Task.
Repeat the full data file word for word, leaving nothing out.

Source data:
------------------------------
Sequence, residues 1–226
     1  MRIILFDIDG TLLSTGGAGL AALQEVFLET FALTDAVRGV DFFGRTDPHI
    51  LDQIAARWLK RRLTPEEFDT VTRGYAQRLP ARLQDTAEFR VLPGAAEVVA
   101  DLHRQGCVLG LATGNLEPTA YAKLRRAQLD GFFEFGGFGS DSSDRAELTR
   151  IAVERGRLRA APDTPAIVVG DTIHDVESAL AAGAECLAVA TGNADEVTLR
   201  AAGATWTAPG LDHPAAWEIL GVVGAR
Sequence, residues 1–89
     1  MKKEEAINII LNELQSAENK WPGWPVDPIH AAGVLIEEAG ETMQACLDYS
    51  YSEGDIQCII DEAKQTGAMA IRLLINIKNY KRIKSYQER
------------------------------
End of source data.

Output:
Sequence, residues 1–226
     1  MRIILFDIDG TLLSTGGAGL AALQEVFLET FALTDAVRGV DFFGRTDPHI
    51  LDQIAARWLK RRLTPEEFDT VTRGYAQRLP ARLQDTAEFR VLPGAAEVVA
   101  DLHRQGCVLG LATGNLEPTA YAKLRRAQLD GFFEFGGFGS DSSDRAELTR
   151  IAVERGRLRA APDTPAIVVG DTIHDVESAL AAGAECLAVA TGNADEVTLR
   201  AAGATWTAPG LDHPAAWEIL GVVGAR
Sequence, residues 1–89
     1  MKKEEAINII LNELQSAENK WPGWPVDPIH AAGVLIEEAG ETMQACLDYS
    51  YSEGDIQCII DEAKQTGAMA IRLLINIKNY KRIKSYQER